1. Also I don’t think our experience is ‘up to us.’ That’s a weirdly voluntarist, individualist, and anti-materialist way of thinking about experience. I do think it is importantly socially constructed, though, of course.

      2. Yes, I got that Rebecca — sorry if that wasn’t clear — was quickly replying. I meant to say that I really like the idea that we have to resist the construction that our body is subjecting us to micro-aggressions.

  5. I don’t feel any shame talking about periods or menopause. I have an 11 year old daughter who gets her period and being matter of fact about it has been freeing. Of course, she hates it and wishes she were a boy. The unfairness.
    In my late 30s my period stopped. I thought early menopause.

    It lasted for 4 years, then I stopped starving and drinking and being generally depressed and anxious.

    Since then my period has returned and is unbelievably normal. My severe Pms is now non existent. I take a SSRI so maybe it’s helped with that. Thank god.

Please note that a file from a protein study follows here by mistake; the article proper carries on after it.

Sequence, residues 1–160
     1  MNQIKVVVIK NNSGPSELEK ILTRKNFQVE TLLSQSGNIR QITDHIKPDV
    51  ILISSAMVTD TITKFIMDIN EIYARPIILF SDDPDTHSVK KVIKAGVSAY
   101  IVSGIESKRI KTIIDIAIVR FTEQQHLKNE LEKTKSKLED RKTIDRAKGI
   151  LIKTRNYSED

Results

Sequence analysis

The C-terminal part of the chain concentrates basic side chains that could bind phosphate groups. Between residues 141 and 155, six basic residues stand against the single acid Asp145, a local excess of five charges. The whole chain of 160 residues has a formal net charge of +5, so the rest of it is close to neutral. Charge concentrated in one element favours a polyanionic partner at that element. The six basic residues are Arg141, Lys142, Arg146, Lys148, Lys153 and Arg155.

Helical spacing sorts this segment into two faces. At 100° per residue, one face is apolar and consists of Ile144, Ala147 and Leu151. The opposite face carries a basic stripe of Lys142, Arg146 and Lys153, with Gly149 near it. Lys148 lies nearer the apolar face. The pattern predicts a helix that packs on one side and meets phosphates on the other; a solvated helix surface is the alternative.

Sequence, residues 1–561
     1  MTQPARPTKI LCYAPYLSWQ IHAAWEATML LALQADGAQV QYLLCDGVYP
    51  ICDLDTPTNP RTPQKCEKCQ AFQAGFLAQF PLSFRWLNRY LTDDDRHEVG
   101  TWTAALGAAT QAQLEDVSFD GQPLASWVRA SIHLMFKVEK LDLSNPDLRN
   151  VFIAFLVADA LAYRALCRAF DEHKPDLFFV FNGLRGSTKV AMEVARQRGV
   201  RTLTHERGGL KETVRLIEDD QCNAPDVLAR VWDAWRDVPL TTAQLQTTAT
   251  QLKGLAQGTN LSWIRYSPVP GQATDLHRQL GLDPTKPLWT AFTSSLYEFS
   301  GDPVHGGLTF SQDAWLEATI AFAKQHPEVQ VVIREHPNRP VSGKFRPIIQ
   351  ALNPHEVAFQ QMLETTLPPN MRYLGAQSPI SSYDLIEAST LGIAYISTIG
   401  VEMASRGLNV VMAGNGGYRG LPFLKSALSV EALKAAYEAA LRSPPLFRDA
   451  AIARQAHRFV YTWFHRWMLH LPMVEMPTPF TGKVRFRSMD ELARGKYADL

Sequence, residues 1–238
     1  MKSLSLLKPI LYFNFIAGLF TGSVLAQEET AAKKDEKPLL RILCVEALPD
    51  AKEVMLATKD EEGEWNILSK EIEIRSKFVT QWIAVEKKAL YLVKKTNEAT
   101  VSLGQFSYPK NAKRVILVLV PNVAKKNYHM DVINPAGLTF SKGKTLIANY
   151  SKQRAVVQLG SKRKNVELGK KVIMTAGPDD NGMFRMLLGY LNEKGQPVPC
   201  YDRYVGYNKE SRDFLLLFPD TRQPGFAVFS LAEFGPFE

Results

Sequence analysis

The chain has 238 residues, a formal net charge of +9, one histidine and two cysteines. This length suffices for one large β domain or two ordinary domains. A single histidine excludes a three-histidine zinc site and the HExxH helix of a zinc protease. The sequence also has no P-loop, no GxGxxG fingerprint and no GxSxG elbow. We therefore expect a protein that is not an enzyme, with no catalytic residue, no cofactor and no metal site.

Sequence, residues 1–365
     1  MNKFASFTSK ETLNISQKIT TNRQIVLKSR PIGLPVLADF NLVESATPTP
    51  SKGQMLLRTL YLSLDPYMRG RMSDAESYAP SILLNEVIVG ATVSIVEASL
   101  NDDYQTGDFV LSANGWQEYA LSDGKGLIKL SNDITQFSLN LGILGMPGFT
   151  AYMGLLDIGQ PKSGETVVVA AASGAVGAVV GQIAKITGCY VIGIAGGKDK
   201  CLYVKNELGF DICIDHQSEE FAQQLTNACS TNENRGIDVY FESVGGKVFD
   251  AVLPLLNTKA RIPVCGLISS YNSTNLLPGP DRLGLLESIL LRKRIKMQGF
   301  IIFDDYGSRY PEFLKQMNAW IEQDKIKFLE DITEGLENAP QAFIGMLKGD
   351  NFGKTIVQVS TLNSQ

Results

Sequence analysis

My biggest issue now is birth control. I went off the pill and feel good, but, at 45, we are using withdrawal as birth control.

    I like to think I’m too old to get pregnant, but I do know better.

    I wish people had talked more about periods when I was younger. Those years of mood swings, despair and suicidal thoughts scared me. Now I know I’m not the only one.

  6. For me, the fear around menopause I inherited socially makes me want to talk about it matter-of-factly when I feel like it; I refuse to let another part of my ‘femaleness’ be something to be ashamed of or denied. That’s also a big reason I WILL NOT hide my silver hair! I am proud to be 50, fit & healthy, loving my body & my sexuality & my online dating adventures; the ‘change’ of life is just one more change in being alive

  7. I’m currently in a sex differences in exercise physiology class right now, and let me tell you, from a physiological stand point menopause is anything but boring.